Gymkhana

Discussion in 'The Perfect Line and Other Riding Myths' started by Vulfy, May 6, 2012.

  1. Motogymkhanaman

    Motogymkhanaman Been here awhile

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    As has been mentioned some of the Japanese riders often look out of the rotation turns rather than always looking into and around them.

    This was most intriguing for us when we first saw it as the rule is your bike goes where your nose is pointing, so why should anybody want to look out and away from the turn?

    We asked several of the riders about this technique and sadly got quite a few different answers, so here is a digest of what we were told.

    It's done to 'unwind' any dizziness.

    Saves having to lift the chin up a long way to view the horizon and to determine bank angle.

    To identify a point on the outside where you would end up if you continued the turn, so you are not breaking the rule.

    The head is not being turned out, it's just that the bike has turned away from underneath you. The regular head-snaps help to keep the turn as tight as possible.

    Take your pick...

    I have tried it and although it is certainly very strange at first it does seem to work.

    I found this video of Momoko Tsukihara and Peter Hach (check out his headgear) where you can see two different techniques being used. Momoko snaps her head in the direction she wants to go whilst Peter seems to let the bike turn under him before snapping again. I'll let you be the judge.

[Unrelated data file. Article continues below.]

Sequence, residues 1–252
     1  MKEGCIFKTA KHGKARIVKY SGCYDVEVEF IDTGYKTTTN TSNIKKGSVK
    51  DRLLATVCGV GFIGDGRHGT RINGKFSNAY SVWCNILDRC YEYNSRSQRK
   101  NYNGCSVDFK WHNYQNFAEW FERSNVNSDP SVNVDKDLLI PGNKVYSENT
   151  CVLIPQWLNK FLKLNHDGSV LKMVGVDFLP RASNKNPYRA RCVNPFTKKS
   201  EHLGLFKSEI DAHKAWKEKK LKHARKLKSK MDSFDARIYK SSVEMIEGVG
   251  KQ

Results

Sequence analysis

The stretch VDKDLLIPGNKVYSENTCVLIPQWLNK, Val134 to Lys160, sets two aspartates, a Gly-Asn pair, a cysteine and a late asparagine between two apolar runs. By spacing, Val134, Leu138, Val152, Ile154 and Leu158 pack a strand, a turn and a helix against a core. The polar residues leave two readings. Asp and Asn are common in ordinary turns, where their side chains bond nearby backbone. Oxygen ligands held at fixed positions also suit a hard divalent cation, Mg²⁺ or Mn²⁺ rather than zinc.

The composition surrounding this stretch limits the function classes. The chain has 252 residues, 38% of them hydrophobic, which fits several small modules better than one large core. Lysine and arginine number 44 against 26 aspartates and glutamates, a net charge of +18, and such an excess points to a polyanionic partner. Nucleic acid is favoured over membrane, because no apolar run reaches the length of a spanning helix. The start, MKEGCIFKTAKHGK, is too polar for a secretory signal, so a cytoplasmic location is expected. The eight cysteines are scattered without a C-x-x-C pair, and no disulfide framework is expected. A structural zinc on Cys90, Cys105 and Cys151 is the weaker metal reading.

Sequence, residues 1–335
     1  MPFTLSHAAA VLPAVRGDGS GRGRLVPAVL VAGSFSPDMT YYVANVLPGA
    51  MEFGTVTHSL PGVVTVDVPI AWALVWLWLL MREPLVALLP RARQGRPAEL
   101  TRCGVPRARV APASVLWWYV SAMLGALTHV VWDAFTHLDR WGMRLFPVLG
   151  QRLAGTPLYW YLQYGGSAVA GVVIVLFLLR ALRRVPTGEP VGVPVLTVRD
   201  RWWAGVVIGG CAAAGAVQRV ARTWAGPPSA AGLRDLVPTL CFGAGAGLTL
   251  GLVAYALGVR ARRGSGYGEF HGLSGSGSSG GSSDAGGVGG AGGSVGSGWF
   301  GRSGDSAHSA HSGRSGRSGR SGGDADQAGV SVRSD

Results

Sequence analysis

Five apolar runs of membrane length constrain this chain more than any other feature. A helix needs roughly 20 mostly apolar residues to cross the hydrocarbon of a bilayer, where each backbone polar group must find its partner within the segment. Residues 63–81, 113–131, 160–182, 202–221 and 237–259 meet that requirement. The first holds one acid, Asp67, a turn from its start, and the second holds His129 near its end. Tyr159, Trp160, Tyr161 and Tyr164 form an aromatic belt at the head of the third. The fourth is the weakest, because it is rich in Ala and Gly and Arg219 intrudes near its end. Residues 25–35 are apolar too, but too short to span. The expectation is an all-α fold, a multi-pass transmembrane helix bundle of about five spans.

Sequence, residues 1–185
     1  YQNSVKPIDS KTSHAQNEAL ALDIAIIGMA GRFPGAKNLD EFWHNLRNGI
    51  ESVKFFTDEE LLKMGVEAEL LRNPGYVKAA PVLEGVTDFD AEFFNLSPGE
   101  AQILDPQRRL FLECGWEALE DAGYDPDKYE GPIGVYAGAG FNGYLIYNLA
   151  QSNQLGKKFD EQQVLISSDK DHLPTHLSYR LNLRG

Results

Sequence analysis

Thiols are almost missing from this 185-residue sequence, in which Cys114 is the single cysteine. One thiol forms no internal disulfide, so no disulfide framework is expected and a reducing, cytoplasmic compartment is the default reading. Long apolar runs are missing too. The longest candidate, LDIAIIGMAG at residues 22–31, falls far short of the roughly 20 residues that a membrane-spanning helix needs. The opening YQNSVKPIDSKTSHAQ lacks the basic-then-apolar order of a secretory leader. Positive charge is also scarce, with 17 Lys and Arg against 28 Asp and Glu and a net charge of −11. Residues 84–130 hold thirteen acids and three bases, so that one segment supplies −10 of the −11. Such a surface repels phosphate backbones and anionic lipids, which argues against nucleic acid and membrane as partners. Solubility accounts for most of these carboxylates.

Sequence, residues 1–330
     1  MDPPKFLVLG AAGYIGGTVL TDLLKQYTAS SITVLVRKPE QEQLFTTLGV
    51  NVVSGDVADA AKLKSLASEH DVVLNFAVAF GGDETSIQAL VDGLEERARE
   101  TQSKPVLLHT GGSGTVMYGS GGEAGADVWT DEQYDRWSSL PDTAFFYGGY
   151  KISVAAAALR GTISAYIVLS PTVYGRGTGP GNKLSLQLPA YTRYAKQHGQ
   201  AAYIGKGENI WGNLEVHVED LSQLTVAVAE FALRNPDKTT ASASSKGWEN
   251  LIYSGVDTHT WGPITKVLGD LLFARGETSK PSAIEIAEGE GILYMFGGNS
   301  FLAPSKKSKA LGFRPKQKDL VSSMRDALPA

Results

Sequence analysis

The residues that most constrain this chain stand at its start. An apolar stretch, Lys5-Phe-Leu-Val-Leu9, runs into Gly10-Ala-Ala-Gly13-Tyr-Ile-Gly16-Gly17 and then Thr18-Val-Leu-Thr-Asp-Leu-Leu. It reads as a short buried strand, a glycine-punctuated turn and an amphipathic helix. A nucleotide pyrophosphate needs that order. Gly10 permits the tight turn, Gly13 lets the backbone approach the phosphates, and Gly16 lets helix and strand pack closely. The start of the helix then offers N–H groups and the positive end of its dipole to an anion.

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  2. raybakh

    raybakh Adventurer

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    A group of rider have set up the first gymkhana event for bikes in Malaysia called "Motack" the previous 11th Nov. A total of more than 50 bikes join in various category.
    What i can say as a participant is, its an eye opener of how to control your bike while throttling, half clutching, front braking & rear braking all at the same time. :eek1

    Here's a vid of me tryin the khana.

    <iframe src="http://www.youtube.com/embed/fwmGddE6Wyw" allowfullscreen="" frameborder="0" height="315" width="420"></iframe>
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  3. Redclayrider

    Redclayrider Long time gone

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    That Katoom sounds oh so sweet! Good job on your first Kone ride!
  4. Motogymkhanaman

    Motogymkhanaman Been here awhile

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    Welcome Raybakh, great to see another Moto Gymkhana group forming to practice the noble art.